It’s a new season in the GCPD. All our favorite characters are back from the inaugural season minus Fish Mooney.
So yeah, ALL our favorite characters are back.
Gotham was beginning to find its way in the latter half of season one and by the start of season two, the show has definitely round its rhythm. We are now getting more intricate storylines that feel more like a serialized comic book than a one-and-done procedural Law & Order knockoff with nods to the Batman mythos.
This season kicked off with our heroes down and out, Gordon demoted to traffic cop duty while Bullock bartends, having quit the force. But a deal with the Penguin and the murder of their commissioner is all is takes to get the partners back on track.
Fish Mooney is gone and she will not be missed. I have to admit, despite the fact that she got somewhat more interesting over the course of season one, I am confident that the show will improve without her.
Theo Galavan is the new villain on the block and seems to have taken Fish’s place as the go-to cutaway baddie that not only has his heights set on taking over Gotham but manages to get under Penguin’s skin while doing so.
Like Fish, he has proven to be ruthless and willing to make sacrifices in order to achieve his goals, but unlike her, he arrives as a wolf in sheep’s clothing, manipulating his way into the hearts of Gotham’s citizens and catapulting that goodwill into a run at the mayor’s office.
It’s a bit cliché at this point (Penguin himself ran for mayor in both the Batman ’66 series as well as Batman Returns), but sure, why not? At the very least, Theo is keeping it interesting and shaking things up a bit.
To my surprise, Bruce is not annoying me nearly as much as he was last season. Perhaps that has come with age as he is noticeably older this season and has more to do than have food fights with Selina.
Another addition this season is they’ve also introduced a new captain to the GCPD in the form of Michael Chiklis, no stranger to this type of role so I’m sure he’ll fit right in. Hopefully this will be the thing that wipes our memory of his last comic book inspired role.
I’m not digging this duality gimmick they’re using for the Riddler. At all. This is Harvey Dent’s area and they’ve already cast him on the series. I don’t mind the show taking some creative liberties and putting a new spin on a classic character (Penguin being a prime example) but when you mess with a character to the point where he’s unrecognizable, then I feel like you have not just bent the character, but broken him.
Stop breaking the toys you’ve been lent writing staff. Or you’re not allowed to play anymore.
That leads me to my next gripe—it’s partly my fault for reading casting news about the show, which are never just reports but always include some fan speculation from the journalists. This season is being marketed as the “rise of the villains.” There have already been some new villains announced for this season that we know are coming, but we continue to get these fan theories about whether or not characters are going to turn into familiar villains.
Will Barbara become Harley Quinn? Will Jerome become The Joker? Is Theo going to be revealed as Ra’s Al Ghul? Is his sister going to transform into Catwoman (um, isn’t Selina already in the show)?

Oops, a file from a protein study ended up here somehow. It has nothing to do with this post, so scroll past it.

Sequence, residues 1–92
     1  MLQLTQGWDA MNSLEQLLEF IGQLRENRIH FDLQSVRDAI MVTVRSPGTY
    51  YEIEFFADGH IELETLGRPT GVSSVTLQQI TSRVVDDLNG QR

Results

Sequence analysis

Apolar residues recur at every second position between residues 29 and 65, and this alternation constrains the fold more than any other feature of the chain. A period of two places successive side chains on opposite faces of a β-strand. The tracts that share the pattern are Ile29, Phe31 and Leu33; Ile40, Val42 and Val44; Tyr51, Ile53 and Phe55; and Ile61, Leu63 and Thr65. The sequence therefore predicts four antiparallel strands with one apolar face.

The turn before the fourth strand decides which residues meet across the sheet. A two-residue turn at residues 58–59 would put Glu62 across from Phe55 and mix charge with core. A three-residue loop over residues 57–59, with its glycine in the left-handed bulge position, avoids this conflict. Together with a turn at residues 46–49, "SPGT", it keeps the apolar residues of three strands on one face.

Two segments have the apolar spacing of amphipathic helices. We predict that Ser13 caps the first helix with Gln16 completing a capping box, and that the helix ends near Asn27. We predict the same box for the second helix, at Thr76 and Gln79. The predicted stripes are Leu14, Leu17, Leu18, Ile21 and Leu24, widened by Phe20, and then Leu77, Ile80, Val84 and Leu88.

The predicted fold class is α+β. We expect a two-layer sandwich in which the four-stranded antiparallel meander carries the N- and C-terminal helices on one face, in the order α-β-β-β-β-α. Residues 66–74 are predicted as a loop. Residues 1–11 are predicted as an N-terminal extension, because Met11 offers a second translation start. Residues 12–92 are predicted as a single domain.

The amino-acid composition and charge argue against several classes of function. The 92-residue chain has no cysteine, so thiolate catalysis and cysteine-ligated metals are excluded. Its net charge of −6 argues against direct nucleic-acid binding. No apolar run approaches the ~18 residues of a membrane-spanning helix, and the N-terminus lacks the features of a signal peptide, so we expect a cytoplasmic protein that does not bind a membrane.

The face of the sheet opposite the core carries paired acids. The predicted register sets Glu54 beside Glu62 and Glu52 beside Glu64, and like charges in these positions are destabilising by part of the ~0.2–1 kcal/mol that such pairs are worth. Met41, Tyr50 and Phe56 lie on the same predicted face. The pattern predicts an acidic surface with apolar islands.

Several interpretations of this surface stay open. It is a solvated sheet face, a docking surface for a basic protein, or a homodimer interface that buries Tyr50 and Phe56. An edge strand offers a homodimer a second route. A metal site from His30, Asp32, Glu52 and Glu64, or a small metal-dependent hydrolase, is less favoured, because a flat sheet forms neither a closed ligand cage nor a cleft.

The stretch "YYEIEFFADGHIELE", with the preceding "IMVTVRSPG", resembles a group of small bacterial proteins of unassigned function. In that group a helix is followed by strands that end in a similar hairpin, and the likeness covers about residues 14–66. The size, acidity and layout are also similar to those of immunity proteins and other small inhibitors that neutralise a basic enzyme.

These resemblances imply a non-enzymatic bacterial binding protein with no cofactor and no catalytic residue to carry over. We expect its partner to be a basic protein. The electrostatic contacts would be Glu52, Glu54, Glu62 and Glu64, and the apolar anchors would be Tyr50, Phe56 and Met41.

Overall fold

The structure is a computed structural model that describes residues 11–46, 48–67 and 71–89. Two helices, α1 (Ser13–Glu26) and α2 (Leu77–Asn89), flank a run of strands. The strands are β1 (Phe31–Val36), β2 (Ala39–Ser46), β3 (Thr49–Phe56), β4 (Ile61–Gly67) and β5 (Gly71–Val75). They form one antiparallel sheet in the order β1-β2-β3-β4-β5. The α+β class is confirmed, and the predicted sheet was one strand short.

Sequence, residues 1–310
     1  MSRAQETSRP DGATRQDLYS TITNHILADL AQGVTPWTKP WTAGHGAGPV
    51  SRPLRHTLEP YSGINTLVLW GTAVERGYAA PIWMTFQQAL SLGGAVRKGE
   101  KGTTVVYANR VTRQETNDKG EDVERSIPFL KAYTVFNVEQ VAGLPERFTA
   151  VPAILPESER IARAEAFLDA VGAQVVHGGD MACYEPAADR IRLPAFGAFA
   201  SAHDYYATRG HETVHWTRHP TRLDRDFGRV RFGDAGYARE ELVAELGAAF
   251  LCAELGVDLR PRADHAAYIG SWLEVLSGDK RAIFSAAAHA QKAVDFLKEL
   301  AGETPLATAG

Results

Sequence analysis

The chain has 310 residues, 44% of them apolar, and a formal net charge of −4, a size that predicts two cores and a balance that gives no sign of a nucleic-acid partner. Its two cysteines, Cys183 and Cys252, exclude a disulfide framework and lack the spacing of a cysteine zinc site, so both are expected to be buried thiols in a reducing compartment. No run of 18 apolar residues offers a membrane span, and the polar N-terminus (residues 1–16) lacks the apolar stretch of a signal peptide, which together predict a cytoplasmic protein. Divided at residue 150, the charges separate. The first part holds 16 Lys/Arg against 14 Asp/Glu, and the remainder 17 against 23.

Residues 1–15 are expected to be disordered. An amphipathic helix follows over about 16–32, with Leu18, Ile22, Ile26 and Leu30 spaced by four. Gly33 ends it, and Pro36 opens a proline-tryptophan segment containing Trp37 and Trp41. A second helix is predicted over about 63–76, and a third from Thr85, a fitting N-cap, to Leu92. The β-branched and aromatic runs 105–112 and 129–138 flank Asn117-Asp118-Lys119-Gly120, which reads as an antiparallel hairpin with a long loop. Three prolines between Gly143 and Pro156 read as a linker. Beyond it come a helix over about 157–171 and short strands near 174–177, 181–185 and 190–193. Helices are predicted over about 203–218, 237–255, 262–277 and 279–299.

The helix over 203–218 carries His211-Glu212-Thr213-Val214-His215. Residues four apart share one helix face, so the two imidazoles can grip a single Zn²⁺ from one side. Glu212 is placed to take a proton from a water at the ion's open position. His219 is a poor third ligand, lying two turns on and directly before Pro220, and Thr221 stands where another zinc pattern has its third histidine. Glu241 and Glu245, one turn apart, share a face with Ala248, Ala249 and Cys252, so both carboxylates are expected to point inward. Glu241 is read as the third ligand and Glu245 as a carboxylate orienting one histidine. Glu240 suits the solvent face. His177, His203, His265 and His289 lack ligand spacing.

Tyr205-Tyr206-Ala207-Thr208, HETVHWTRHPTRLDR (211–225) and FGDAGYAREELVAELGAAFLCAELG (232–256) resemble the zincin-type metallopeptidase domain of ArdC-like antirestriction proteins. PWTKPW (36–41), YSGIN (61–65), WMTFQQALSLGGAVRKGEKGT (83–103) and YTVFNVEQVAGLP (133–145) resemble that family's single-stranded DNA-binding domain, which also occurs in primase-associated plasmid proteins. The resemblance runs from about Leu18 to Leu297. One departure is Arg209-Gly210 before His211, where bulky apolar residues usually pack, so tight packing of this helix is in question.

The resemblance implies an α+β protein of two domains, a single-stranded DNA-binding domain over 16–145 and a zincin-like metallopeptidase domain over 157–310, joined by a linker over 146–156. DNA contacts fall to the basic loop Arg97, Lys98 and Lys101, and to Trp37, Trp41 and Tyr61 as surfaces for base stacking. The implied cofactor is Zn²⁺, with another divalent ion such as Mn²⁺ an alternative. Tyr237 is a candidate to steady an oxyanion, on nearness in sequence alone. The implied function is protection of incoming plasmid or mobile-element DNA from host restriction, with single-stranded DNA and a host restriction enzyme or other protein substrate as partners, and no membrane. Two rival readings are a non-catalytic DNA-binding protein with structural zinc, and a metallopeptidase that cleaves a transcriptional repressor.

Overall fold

The worst one I’ve heard by far is the theory that Penguin is going to turn into the Joker.
Just stop, already.
These theories are dumb. At best, they’re fuel to get other fans like myself annoyed enough to want to argue why that’s stupid. At worst, the writing staff are paying attention and you’re giving them ideas.
I mean really, does anyone actually want to see Penguin turn into Joker? For once they’ve finally made him an interesting character. Don’t ruin it!
And Barbara as Harley? Why? Just because she’s a blonde who went bad? There’s nothing remotely Harley about her other than, what, she’s the right gender? Are we really that hard up for villains?
Speaking of Barbara, she’s been worse than ever this season.
I had hoped that when they locked her up in Arkham that that would be the last we’d see of her, but for whatever reason, she’s become a regular antagonist this season and she’s pretty one note. She went from being a one-dimensional love interest to a one-dimensional villainess and neither role suits her.
So despite the fact that by now I’ve come off like a hardcore fanboy who wants it “just like the comics,” I’m actually note married to continuity and welcome a new spin on these characters.
Over and over again I would hear fans shoot down the idea that you can’t introduce Joker before you introduce Batman, because it’s Batman’s existence that brings out the crazies and births some of Gotham’s most infamous rogues.
Clearly Jerome is not the next coming of the Joker, but that doesn’t mean that they can’t still explore that character’s origins here.
Perhaps it’s the rise of the villains that in turn gives Bruce the motivation he needs to become Batman. I’m all for that scenario as well.
We’re already starting to see shades of this progression as Bruce has uncovered the hidden cave that contained his father’s secrets and Lucius Fox has now been officially brought into the fold to guide him on his path.
Another addition to the cast this season is the introduction of Silver St. Cloud, the most comic booky named love interest in all of comic bookdom. I’m not sure why, but I guess they have to give Bruce someone else to obsess over other than Selina, who has been very underused so far this season.
Four episodes in, it looks like this show will not be suffering from the sophomore slump since it already got its awkward phase out of the way last season.
I’ve never been this show’s biggest advocate, but I’ll stick with it for as long as I can in hopes that I continue to catch glimpses of what my ideal version of a show set in Gotham looks like.